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Let $A$ be a finite abelian group and $p$ be a prime, $p$ divides the order of $A$. Define: $A^p=\{a^p | a\in{A}\}$ and $A_p=\{x\in{A}|x^p=1\}$, where $1$ is the identity in $A$.

Show that $A/A^p\cong A_p$.

This is a homework problem. I am thinking of applying the First Isomorphism Theorem. I tried to define a surjective homomorphism $A\to A_p$ such that the kernel is $A^p$. But I am having trouble finding such a map.

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This is very closely related to this question (which is for $p=2$). In fact, I'm tempted to call it a duplicate. – Arturo Magidin Mar 7 '12 at 5:18

Since $A$ is a direct sum of cyclic groups and the operations $(-)^p$ and $(-)_p$ on groups distribute over direct sums, it is enough to prove this for cyclic groups.

This is easy :)

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Another way to see things, but the map from $A$ to $A^p$ doesn't break everything down uselessly... still a good idea though. – Patrick Da Silva Mar 7 '12 at 3:50
Uselessly breaking things down into «indecomposable» parts is quite not a useless approach... – Mariano Suárez-Alvarez Mar 7 '12 at 3:53
I am not saying that =) I am saying that here the breaking down is not necessary. Perhaps the word useless was rude. =P – Patrick Da Silva Mar 7 '12 at 4:07
@Patrick: As far as I can tell, you do need to break up the group into cyclic factors. The isomorphism $A/A_p\to A^p$ is natural, but the isomorphism $A/A^p\to A_p$ is not. – Arturo Magidin Mar 7 '12 at 5:41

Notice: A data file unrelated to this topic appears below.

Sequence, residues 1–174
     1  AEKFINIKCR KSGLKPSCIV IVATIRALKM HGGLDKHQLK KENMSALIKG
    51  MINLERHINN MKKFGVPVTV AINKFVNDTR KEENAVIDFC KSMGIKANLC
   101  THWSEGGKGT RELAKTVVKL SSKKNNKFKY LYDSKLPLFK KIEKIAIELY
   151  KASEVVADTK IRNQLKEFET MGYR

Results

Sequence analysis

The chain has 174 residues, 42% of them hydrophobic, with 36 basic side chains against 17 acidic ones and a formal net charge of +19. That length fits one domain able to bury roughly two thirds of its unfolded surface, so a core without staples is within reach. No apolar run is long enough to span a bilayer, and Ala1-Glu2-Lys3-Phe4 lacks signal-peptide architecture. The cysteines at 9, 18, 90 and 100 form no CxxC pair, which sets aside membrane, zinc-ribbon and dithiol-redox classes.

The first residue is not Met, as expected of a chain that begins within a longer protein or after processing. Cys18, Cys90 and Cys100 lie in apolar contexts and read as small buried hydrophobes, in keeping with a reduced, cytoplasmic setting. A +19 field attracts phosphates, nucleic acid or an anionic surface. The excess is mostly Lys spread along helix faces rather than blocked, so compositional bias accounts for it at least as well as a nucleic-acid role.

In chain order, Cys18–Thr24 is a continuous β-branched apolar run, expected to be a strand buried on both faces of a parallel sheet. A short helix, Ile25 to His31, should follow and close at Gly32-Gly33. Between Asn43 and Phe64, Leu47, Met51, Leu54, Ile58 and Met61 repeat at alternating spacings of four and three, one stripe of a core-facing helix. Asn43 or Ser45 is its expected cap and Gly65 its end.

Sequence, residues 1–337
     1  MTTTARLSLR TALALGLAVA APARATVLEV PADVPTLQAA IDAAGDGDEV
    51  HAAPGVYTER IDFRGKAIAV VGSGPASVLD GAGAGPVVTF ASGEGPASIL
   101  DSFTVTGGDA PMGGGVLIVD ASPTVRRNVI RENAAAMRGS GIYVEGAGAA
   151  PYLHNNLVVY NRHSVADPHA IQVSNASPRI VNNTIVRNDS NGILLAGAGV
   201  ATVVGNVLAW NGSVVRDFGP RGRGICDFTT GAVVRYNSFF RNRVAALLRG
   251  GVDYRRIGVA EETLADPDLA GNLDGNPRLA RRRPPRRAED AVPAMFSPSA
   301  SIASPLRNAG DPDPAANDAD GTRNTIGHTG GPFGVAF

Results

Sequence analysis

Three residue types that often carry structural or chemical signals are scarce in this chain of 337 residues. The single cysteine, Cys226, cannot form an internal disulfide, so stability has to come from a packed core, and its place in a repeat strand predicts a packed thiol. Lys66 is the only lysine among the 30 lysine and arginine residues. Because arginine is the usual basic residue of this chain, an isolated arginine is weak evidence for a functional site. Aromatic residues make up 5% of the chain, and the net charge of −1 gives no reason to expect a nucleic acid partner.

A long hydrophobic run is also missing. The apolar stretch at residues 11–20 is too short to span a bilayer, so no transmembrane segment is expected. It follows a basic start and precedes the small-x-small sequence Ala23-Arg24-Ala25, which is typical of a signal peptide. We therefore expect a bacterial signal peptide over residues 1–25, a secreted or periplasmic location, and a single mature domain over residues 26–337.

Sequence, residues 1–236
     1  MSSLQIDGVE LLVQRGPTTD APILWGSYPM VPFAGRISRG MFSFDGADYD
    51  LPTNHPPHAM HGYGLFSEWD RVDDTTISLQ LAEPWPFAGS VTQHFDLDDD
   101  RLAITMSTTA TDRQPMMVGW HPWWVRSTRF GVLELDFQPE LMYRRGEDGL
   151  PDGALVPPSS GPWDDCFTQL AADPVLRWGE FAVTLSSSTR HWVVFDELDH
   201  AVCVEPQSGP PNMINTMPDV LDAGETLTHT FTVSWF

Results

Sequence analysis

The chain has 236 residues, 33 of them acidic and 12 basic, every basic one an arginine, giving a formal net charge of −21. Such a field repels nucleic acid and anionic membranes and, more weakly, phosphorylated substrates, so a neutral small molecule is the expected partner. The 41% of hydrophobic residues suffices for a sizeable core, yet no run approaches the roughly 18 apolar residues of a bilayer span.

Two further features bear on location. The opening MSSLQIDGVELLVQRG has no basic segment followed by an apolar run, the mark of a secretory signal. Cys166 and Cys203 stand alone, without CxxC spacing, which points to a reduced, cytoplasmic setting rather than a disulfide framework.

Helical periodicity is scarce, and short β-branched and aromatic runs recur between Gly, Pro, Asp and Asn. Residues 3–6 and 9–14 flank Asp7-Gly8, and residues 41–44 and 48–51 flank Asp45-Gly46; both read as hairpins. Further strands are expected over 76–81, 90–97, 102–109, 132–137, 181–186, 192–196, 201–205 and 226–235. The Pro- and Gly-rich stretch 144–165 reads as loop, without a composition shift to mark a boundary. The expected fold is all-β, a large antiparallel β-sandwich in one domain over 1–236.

@PatrickDaSilva: See this question (for which I voted this as a duplicate) and the answers for some comments on it. – Arturo Magidin Mar 7 '12 at 6:31

$\bf Hint:$ Consider the map $f:A\to A^p$ given by $f(a)=a^p$ which is a homomorphism since $A$ is Abelian.

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I am afraid that I do not get your hint, could you please show more details? Thank you. – John Smith Mar 7 '12 at 4:05
This yields an isomorphism $A/A_p \cong A^p$. The OP might be confused as to how to obtain the desired isomorphism from this. – Dylan Moreland Mar 7 '12 at 4:15
Here is exactly where I am stuck.... – John Smith Mar 7 '12 at 4:50
I don't see a way around using the classification of finite abelian groups as in Mariano's answer, but I'm willing to be surprised. – Dylan Moreland Mar 7 '12 at 4:56

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